Pashmina, a soft and flowy woollen textile, is one of the most exquisite and expensive winter fabrics you can find around the globe.
For centuries, weaving of Pashmina fabric and shawls has remained a core economic activity in the Kashmir Valley. Apart from its warm texture, it provides a great source of income for all kinds of people including literates, illiterates, farmers, etc.
Often confused with cashmere, Pashmina is specifically made from a different breed of mountain goat called Capra Hircus. Hence, it can be defined as a variety of Cashmere, woven finely to produce a different texture as compared to cashmere.
Due to the extremely cool temperatures and high altitudes in Kashmir, the wool produced by the goats is of the finest quality and is used to create the softest type textiles in the world.
You will find an endless number of qualities, when it comes to Pashmina, however, the goats living in the dry climate in the mountains produce a unique kind of richness and softness in their wool.
After sourcing the wool, the fibres are sorted and cleaned by hand and brought from the Himalayas to the valley for making of shawls and other types of clothings and artefacts.
What is Pashmina?
Pashmina is a very fine and exquisite craft that is admired all over the world. According to Persian language, Pashmina means “wool”, and in Kashmir it means “soft gold” referring to the raw wool that is unspun, sheared from domestic Changthangi goats.
These goats are exotic and are found only at 15000 ft above sea level, like in Ladakh- Jammu and Kashmir, making this art even more precious and treasured all around the globe.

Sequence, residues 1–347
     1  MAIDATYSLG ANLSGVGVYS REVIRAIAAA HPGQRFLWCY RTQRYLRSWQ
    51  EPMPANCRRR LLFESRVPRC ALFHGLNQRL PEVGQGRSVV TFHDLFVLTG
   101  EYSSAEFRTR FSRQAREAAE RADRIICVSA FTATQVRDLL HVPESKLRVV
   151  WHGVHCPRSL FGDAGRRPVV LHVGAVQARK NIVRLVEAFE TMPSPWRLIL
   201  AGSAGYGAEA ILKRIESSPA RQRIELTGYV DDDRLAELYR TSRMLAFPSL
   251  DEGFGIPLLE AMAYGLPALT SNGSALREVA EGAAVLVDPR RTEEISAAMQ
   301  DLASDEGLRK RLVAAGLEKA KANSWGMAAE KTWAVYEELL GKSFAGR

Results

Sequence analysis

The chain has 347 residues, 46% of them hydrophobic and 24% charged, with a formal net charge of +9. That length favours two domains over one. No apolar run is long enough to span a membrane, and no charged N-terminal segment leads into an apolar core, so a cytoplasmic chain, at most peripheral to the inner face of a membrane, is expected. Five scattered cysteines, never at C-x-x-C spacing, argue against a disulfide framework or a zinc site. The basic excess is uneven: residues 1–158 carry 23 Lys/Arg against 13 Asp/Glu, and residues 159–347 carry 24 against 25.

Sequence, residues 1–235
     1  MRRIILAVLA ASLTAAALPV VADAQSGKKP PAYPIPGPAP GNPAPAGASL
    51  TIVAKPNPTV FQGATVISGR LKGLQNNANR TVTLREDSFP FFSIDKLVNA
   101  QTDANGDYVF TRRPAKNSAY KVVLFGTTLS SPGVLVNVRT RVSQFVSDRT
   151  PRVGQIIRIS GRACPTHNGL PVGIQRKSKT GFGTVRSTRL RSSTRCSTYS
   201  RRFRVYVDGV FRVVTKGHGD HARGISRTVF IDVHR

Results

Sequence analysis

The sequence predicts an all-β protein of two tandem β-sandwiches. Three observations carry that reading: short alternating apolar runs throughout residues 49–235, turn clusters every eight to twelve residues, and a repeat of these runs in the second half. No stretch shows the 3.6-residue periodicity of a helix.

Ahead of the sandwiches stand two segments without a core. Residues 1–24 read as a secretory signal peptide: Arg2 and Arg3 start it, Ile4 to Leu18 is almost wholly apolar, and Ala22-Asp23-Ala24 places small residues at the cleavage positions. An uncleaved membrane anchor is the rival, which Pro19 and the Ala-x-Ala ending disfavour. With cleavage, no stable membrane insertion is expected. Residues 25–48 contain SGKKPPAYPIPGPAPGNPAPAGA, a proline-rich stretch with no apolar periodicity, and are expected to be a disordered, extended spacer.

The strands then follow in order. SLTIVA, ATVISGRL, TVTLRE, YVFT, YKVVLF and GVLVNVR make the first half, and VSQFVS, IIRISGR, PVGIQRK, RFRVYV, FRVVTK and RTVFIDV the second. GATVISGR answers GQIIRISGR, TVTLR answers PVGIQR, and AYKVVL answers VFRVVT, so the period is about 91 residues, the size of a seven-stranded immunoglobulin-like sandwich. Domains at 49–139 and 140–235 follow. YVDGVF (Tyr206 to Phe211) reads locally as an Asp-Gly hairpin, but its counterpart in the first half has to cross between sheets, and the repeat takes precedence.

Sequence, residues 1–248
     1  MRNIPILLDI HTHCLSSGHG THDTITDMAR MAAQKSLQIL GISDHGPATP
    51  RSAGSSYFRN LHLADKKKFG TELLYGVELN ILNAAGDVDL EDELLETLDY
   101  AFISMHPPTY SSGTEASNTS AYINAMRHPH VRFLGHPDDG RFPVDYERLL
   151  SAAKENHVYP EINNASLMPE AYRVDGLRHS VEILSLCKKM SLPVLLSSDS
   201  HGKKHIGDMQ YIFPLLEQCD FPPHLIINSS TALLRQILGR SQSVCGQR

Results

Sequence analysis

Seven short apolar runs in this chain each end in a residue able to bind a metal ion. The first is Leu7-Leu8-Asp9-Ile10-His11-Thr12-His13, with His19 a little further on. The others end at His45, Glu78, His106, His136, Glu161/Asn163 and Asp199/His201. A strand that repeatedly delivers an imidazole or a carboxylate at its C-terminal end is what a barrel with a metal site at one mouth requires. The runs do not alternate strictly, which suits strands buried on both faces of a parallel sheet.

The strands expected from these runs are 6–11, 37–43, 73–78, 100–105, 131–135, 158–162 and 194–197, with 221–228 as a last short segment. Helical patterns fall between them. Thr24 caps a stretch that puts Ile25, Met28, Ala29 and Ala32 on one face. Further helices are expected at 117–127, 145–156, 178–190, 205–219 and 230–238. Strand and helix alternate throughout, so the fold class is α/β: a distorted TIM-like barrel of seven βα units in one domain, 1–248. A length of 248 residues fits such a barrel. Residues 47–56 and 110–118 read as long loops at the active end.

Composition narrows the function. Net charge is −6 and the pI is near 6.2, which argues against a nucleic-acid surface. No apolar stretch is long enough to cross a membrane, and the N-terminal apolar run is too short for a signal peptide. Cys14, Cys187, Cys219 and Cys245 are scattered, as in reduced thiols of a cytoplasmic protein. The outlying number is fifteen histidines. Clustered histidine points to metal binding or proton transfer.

Charmed by its grace and traditional enticement kings, royals and people are the greatest admirers of this beautiful textile. Moreover, the fibre in Pashmina is renowned for its thermal properties and that is why it is hailed as one of the best woollen fabrics.
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History of Pashmina
Ages ago, Pashmina was a sign of royalty and was known as a Fibre meant for Kings. The ruler of Kashmir in essence, Zain-ul-Abdin introduced tapestry shawl weaving from Turkistan during the 15th century.
In the 19th century, craftsmen made Pashmina shawls for Emperor Akbar to gift his chosen wives. Later, the fame of this fabric reached France after Napoleon presented an exotic shawl to Empress Josephine.
How To Identify A Real Pashmina?
Given a great possibility of coming across a fake Pashmina in the market these days,it is important to know how to identify a real Pashmina fabric. There are a number of tests that we can conduct to know whether it’s real Pashmina.
1. The Burn Test
Burning a thread taken from the edges of a Pashmina shawl can tell you about its authenticity. A real Pashmina thread, smells of burnt hair when put in a fire flame.
2. Matte texture
A real Pashmina has a subtle shine on it, but if you find a lot of such fabrics that look too shiny, don’t buy them and and look for the one that has a mattified appearance.
3. Uneven weave
If the weave is not symmetrical or does not have a regular patter, then for sure, it is not Pashmina.
4. Rubbing the Shawl
You can also test the authenticity of Pashmina fabric by pinching it to rub in between your thumb and index finger. If you find any sparks created due to rubbing, then it is a synthetic fabric and not made from real goat hair.
5. The Pilling Test
Pilling is another determiner of fake Pashmina. A real Pashmina does not pill even after several uses and washes.
6. Comfort Level